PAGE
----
The Pathfinder algorithm: the original, binary, Fast and MST-variants

The algorithm

A Pathfinder Network (or PFNET) is a scaled network (or graph, in the sense of the graph theory) in which weighted edges have been pruned in a specific way. Only those edges which do not violate the triangle inequality are kept. The triangle inequality states that the direct distance between a couple of nodes must be lesser than or equal to the distance between any other path linking these nodes. The corresponding algorithm, first devised by Schvaneveldt (1990) has two parameters: r, which define the Minkowski r-metric used to compute the mentioned distance, and q, which define the maximum length of the paths considered in the triangle inequality. Pathfinder Networks are very important in the field of social networks, in which it helps to exhibit a unique representation of the underlying structure of the domain. In this context, the weight of the edges often represents the similarity between the entities given by the nodes.

According to the litterature, the most used values for its parameters are r=∞, meaning that we keep the edges having a value higher that the maximum similarity given by all the other paths, and q=n-1, meaning that we consider the paths having any kind of lengths, including the maximal one, n-1.

MST-Pathfinder, up to our knowledge, is the fastest algorithm to obtain Pathfinder Networks for r=∞ and q=n-1.

Applications

These networks are used in a large variety of applications including:


More resources

Additional information on the Pathfinder Networks can be found on the corresponding Wikipedia webpage: http://en.wikipedia.org/wiki/Pathfinder_networks

The following table shows a comparison of the variants of the Pathfinder algorithm, along with their performance in terms of time and memory, took from the paper [3]. We also provide a link to the source code (written in C).  Some ZIP files contain a Makefile to compile the code on Unix-like platforms, and Visual Studio 6 project files to compile the code on Windows-like platforms, but the code should compile on both platforms.


Name of the
algorithm
Application domain Time complexity
(for q=n-1)
Space
complexity
Approach in
algorithm theory
DownloadAcademic paper
Original PF Any valid values for q and r,
(un-)directed graphs
O(q · n3) = O(n4) 2 · q · n2 = 2 · n3 - 2 · n2 Dynamic programming download link http://interlinkinc.net/PFBook.zip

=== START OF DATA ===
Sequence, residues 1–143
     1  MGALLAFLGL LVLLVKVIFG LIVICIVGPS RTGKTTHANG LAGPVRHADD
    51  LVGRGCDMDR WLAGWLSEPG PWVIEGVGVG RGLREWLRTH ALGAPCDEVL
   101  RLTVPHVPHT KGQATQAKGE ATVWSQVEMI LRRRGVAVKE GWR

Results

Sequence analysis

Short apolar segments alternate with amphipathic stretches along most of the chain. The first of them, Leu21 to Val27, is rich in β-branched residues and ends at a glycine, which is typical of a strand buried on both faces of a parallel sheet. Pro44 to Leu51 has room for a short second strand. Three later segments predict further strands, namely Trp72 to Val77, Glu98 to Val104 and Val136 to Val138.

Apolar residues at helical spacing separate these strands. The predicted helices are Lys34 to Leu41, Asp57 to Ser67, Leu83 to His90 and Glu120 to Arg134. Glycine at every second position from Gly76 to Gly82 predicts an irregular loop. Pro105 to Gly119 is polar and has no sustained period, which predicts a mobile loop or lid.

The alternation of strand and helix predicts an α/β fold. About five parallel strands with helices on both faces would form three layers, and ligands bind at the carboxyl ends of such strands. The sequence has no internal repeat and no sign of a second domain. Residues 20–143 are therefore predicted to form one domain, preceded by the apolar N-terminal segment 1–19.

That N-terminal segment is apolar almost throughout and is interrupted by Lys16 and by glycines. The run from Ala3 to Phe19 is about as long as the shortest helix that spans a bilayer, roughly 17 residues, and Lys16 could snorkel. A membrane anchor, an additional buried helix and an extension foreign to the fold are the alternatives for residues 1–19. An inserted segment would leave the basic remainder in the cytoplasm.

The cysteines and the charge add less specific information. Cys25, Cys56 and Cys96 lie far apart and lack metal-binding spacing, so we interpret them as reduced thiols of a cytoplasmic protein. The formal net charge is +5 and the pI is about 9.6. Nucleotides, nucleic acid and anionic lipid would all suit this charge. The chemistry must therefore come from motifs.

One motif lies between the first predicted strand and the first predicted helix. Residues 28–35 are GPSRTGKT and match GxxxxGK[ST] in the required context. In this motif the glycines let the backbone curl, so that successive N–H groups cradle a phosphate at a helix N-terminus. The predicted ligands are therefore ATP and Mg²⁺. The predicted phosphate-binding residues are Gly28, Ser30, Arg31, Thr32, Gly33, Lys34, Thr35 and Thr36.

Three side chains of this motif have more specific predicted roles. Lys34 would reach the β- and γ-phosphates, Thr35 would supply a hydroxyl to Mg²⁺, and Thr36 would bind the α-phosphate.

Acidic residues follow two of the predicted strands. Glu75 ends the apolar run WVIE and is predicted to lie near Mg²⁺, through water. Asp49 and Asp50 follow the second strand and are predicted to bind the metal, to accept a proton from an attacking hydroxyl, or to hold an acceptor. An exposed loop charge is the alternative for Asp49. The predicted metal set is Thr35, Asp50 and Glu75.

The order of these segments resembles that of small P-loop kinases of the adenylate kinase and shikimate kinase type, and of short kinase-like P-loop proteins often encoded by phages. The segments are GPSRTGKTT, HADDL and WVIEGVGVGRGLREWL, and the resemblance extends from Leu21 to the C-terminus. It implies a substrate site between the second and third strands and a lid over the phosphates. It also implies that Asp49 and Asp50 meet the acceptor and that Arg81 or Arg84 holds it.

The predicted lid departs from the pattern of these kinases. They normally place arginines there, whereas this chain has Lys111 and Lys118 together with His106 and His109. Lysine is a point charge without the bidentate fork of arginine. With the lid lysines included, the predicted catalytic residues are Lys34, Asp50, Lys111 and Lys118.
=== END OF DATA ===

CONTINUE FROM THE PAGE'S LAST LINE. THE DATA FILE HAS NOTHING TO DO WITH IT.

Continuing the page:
Binary PF Any valid values for q and r,
(un-)directed graphs
O(log(q) · n3)
= O(
n3 · log(n))
4 · n2 Dynamic programming download link
Fast PF Any valid values for r,
q=n-1, (un-)directed graphs
O(n3) 2 · n2 Dynamic programming download link
Fast PF Any valid values for q and r,
(un-)directed graphs
O(n3) 2 · n2 Dynamic programming download link
MST-PF
(theoretical)
r=∞q=n-1,
undirected graphs
O(n2 · log(n)) 3 · n2+n Greedy approach download link
MST-PF
(practical)
r=∞q=n-1,
undirected graphs
O(n3) 3 · n2+n Greedy approach download link

Important notices:


Running the source code


After the compilation (just type 'make' in command line on Linux), run it this way:

<program> <filename> <q>
Both 'edges' and 'matrix' formats are supported. Only matter the edge weights, not the node weights or descriptions (this one is used by Pajek to print the graphs). Check the description of the format here. Actually the 'matrix' format is not described on this page so, please, find two examples here:

Example of a graph given in the format of Pajek, by edges:

*vertices 6
1 "1" ellipse x_fact 1.22866290766363 y_fact 1.22866290766363 fos 3.5 bw 0.0  ic Emerald
2 "2" ellipse x_fact 1.22866290766363 y_fact 1.22866290766363 fos 3.5 bw 0.0  ic Emerald
3 "3" ellipse x_fact 1.22866290766363 y_fact 1.22866290766363 fos 3.5 bw 0.0  ic Emerald
4 "4" ellipse x_fact 1.22866290766363 y_fact 1.22866290766363 fos 3.5 bw 0.0  ic Emerald
5 "5" ellipse x_fact 1.22866290766363 y_fact 1.22866290766363 fos 3.5 bw 0.0  ic Emerald
6 "6" ellipse x_fact 1.22866290766363 y_fact 1.22866290766363 fos 3.5 bw 0.0  ic Emerald
*edges
1 2 1
2 3 1
1 6 1
6 5 2
5 4 1
4 3 1

Example of a graph given in the format of Pajek, by an adjacency matrix:

*vertices 4
1 "1" ellipse x_fact 1.22866290766363 y_fact 1.22866290766363 fos 3.5 bw 0.0  ic Emerald
2 "2" ellipse x_fact 1.22866290766363 y_fact 1.22866290766363 fos 3.5 bw 0.0  ic Emerald
3 "3" ellipse x_fact 1.22866290766363 y_fact 1.22866290766363 fos 3.5 bw 0.0  ic Emerald
4 "4" ellipse x_fact 1.22866290766363 y_fact 1.22866290766363 fos 3.5 bw 0.0  ic Emerald
*matrix
0 1 4 5
2 0 2 4
1 4 0 1
5 3 1 0

More (small) example maps are given here: download link


Other known implementations


Relevant publications

[1] R. W. Schvaneveldt (Ed.); Pathfinder Associative Networks: Studies in Knowledge Organization; Norwood, NJ: Ablex (1990).  http://interlinkinc.net/PFBook.zip
RECEIVED: 16/4/2007; REVI

[2] A. Quirin, O. Cordon, J. Santamaria, B. Vargas-Quesada, F. Moya-Anegon; A new Variant of the Pathfinder Algorithm to Generate Large Visual Science Maps in Cubic Time; Information, Processing & Management Journal, 44(4): 1611-1623 (2008). 
RECEIVED: 16/4/2007; REVISED: 3/9/2007; ACCEPTED: 8/9/2007; IMPACT FACTOR 2007: 1.500.; CATEGORY: COMP. SCI., INF. SYST; ORDER: 27/92; DOI:10.1016/j.ipm.2007.09.005


[3] A. Quirin, O. Cordon, V. P. Guerrero-Bote, B. Vargas-Quesada, F. Moya-Anegon; A Quick MST-based Algorithm to Obtain Pathfinder Networks; Journal of the American Society for Information Science and Technology, 59(12): 1912-1924 (2008).

SUBMITTED: 12/9/2007; REVISED: 21/2/2008; NOTIFICATION OF ACCEPTANCE: 14/4/2008; PUBLISHED: 8/7/2008; IMPACT FACTOR 2007: 1.436; CATEGORY: COMP. SCI., INF. SYST; ORDER: 29/92; DOI:10.1002/asi.20904

[4] E. Serrano, A. Quirin, J. Botia, O. Cordon; Debugging Complex Software Systems by Means of Pathfinder Networks; Information Sciences, 180(5): 561-583 (2010).
NOTIFICATION OF ACCEPTANCE: 3/11/2009; IMPACT FACTOR 2009: 3.291; DOI: 10.1016/j.ins.2009.11.007